Production of lactic acid and byproducts from waste potato starch by : role of nitrogen sourcesRhizopus arrhizus: role of nitrogen sources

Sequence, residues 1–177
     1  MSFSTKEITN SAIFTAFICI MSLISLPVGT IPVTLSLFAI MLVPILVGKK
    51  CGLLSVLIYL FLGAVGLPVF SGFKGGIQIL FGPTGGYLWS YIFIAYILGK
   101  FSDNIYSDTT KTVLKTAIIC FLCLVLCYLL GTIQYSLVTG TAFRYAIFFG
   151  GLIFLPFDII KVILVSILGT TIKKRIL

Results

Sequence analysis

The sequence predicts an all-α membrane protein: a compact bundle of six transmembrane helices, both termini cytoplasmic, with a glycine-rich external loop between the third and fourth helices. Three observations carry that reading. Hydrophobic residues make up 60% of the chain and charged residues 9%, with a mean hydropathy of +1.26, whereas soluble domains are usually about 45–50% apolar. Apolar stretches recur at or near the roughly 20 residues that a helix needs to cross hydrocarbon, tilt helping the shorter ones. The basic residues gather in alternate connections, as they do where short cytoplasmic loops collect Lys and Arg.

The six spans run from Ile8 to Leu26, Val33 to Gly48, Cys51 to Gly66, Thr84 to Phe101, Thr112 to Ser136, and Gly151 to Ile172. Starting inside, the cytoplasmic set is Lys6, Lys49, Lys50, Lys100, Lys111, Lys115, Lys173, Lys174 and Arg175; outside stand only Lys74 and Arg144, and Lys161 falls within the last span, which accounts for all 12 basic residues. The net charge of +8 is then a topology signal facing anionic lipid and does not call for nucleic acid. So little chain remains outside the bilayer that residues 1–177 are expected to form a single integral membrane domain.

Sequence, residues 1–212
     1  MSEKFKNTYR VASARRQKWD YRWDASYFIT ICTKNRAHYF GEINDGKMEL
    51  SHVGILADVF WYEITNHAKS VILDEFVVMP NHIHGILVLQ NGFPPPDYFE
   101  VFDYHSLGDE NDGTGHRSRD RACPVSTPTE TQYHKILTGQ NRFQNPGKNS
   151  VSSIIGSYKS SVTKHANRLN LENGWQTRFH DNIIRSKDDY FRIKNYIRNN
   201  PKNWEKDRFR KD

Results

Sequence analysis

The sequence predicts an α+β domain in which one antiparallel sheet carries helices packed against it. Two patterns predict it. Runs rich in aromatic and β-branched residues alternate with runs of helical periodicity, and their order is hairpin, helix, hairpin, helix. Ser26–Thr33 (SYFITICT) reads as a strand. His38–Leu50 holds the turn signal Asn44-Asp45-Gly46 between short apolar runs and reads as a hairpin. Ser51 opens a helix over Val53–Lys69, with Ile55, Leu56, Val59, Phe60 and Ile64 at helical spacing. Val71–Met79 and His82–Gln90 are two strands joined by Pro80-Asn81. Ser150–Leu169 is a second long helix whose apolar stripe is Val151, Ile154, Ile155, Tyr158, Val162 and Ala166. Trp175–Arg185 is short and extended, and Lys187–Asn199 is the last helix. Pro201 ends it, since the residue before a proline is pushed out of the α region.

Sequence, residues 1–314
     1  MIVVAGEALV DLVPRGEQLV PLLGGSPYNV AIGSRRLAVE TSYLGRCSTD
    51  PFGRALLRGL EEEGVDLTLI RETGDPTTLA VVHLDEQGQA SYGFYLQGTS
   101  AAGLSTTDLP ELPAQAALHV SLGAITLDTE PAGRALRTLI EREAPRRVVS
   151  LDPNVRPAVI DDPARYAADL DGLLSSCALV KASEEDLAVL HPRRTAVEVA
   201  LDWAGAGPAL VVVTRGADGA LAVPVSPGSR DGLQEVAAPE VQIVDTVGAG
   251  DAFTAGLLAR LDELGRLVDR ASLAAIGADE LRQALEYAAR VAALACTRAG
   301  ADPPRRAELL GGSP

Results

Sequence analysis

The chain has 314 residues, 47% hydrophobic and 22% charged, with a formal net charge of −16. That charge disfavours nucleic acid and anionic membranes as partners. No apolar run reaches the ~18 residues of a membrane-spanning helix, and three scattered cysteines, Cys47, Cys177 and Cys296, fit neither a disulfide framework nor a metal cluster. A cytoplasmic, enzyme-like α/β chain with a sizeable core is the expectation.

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Lactic acid was produced by Rhizopus arrhizus using waste potato starch as the substrate. The aim of this study was to identify the role of nitrogen sources and their impact on the formation of lactic acid and associated byproducts. Ammonium sulphate, ammonium nitrate, urea, yeast extract and peptone were assessed in conjunction with various ratios of carbon to nitrogen (C:N). Fermentation media with a low C:N ratio enhanced the production of lactic acid, biomass and ethanol, while a high C:N ratio favoured the production of fumaric acid. Ammonium nitrate appeared to be the most suitable nitrogen source for achieving a high and stable lactic acid yield, and minimizing the production of byproducts such as biomass and ethanol, while urea proved to be the least favourable nitrogen source. Yeast extract and peptone appeared to improve fungal cell growth. The kinetics data revealed that a high concentration of ammonium nitrate enhanced the lactic acid productivity. The maximum lactic acid concentration of 36.4 g/l, representing a yield of 91%, was obtained with addition of 0.909 g/l ammonium nitrate in 32 h.

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